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Elfland Catacombs is one of the earliest examples of hypertext fiction . It was published by Winterhearth company in 1981, several years before Michael Joyce's Afternoon, a story (which is generally thought to be "the first hypertext fiction"). Author Alan Lance Andersen created Elfland Catacombs as a children's fantasy adventure, using the Commodore BASIC computer language. The plot involved the reader visiting an aunt in the border country of Scotland and becoming lost after crossing into Elfland with the help of an elf named Jennings. Numerous plot paths led to different endings — some happy and others not quite so pleasant. Unlike the many computer game style adventures of the period, this was a true electronic storybook with hypertextual links. Paul Jordan Hollander later converted it from the obsolete Commodore Basic into HTML files. Whatever its literary or technological merits may have been, "Elfland Catacombs" had little or no influence on the development of hypertext fiction. It was distributed on 5" floppy disk in Central Iowa; indeed, it appears to have been almost entirely forgotten outside of Iowa. It is not mentioned in Bolter and Joyce's seminal Hypertext 87 essay on "Hypertext and Creative Writing", nor in Ted Nelson's _Literary Machines_, George P. Landow's _Hypertext: The Convergence of Contemporary Literary Criticism and Technology_, nor in J. Yellowlees' Douglas 1991 doctoral dissertaion on hypertext fiction . It has never been cited in the Proceedings of the ACM Hypertext Conference. In contrast, Joyce's Afternoon, a story has been the subject of numerous reviews, essays, studies, and dissertations.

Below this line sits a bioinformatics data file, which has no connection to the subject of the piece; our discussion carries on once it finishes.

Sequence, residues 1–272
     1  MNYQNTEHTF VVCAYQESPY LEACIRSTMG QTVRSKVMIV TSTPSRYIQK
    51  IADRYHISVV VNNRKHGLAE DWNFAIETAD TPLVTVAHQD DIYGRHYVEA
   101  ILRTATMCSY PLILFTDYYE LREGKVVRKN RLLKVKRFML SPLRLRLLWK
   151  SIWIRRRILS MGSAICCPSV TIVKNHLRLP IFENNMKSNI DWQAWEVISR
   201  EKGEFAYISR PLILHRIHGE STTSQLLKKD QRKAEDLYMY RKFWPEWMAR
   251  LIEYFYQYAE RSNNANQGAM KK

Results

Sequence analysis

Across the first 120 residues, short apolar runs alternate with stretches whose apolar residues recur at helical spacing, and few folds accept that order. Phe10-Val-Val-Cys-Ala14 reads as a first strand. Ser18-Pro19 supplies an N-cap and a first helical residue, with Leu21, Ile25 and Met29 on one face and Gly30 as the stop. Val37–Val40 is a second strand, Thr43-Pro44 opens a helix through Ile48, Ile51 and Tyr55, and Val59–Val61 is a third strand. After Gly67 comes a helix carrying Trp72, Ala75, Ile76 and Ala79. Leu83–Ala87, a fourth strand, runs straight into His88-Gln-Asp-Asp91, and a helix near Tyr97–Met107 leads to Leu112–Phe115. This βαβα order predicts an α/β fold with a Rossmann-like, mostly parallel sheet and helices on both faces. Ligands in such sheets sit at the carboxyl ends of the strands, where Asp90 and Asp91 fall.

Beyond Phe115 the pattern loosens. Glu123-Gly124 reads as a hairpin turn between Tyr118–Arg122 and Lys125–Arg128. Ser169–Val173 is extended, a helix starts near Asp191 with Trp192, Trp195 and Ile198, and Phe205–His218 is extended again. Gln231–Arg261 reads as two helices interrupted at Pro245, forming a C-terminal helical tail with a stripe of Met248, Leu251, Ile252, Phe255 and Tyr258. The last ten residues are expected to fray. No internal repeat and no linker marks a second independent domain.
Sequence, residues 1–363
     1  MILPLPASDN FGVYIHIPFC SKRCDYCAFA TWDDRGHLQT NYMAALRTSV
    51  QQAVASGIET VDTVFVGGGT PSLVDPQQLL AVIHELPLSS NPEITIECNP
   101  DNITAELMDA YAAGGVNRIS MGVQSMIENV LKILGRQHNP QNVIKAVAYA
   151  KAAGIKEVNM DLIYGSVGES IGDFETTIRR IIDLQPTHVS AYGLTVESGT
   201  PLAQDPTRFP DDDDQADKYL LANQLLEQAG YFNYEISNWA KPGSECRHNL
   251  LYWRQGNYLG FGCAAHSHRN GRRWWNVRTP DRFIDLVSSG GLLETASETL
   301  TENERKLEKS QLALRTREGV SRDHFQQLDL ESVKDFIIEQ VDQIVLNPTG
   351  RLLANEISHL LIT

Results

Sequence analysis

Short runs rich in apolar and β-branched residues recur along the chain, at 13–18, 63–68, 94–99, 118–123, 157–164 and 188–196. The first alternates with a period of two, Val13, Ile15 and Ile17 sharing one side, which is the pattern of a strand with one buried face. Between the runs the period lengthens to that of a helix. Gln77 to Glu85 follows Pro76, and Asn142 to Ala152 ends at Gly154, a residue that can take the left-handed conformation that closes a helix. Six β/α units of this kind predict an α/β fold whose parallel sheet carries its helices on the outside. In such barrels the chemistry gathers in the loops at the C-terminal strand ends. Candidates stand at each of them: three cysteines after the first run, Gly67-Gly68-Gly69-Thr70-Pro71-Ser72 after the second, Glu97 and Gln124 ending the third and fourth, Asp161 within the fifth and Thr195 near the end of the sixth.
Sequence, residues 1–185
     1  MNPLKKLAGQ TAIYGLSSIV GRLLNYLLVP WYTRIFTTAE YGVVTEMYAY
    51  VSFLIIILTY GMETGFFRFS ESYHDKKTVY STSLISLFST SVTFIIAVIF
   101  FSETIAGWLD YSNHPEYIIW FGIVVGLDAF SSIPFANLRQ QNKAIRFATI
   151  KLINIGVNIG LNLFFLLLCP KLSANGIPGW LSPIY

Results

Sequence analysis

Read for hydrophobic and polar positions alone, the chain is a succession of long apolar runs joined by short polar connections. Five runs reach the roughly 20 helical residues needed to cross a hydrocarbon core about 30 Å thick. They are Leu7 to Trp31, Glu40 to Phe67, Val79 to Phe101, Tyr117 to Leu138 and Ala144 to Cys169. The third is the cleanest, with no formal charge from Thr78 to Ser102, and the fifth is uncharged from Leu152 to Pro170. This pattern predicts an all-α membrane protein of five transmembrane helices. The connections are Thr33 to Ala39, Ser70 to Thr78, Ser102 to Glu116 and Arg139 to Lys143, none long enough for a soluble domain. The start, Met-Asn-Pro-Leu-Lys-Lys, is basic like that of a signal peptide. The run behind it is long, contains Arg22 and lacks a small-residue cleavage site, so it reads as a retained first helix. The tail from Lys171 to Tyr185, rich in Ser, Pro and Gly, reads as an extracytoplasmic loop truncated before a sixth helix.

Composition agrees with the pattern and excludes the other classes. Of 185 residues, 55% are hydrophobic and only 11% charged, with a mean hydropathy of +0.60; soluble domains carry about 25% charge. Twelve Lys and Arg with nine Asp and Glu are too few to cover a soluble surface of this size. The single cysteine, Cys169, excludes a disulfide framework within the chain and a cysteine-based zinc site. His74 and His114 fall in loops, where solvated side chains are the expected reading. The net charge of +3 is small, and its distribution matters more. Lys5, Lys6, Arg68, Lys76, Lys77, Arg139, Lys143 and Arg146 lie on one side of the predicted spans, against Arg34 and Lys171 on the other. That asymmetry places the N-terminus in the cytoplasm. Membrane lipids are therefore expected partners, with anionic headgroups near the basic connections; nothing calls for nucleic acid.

- Andersen, Alan Lance (1981). "Elfland Catacombs", Ames, Iowa: Winterhearth. http://www.interdrama.com/EC/
- Hollander's HTML version can be seen at http://www.interdrama.com/EC/